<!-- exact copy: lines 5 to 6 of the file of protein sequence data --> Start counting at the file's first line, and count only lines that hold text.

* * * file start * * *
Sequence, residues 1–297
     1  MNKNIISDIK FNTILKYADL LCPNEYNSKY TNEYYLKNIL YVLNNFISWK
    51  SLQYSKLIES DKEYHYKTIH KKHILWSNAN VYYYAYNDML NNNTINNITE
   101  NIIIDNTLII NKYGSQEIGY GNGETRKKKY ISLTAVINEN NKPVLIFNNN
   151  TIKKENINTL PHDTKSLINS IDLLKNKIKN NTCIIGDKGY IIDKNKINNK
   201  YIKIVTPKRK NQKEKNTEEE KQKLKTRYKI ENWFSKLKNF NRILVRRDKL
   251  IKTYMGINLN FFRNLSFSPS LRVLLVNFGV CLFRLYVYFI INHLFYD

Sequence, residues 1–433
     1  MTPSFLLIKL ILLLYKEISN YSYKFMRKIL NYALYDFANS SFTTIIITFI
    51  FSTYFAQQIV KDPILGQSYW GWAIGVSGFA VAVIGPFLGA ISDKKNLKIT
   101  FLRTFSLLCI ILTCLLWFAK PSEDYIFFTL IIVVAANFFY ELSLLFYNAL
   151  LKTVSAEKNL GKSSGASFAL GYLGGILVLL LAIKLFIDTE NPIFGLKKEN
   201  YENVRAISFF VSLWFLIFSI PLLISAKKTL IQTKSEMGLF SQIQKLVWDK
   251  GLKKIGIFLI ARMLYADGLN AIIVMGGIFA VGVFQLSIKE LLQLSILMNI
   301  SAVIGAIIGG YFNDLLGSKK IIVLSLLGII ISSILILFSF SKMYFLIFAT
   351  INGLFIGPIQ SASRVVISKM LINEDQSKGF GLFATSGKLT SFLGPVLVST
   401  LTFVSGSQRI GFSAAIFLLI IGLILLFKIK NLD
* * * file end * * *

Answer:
   151  TIKKENINTL PHDTKSLINS IDLLKNKIKN NTCIIGDKGY IIDKNKINNK
   201  YIKIVTPKRK NQKEKNTEEE KQKLKTRYKI ENWFSKLKNF NRILVRRDKL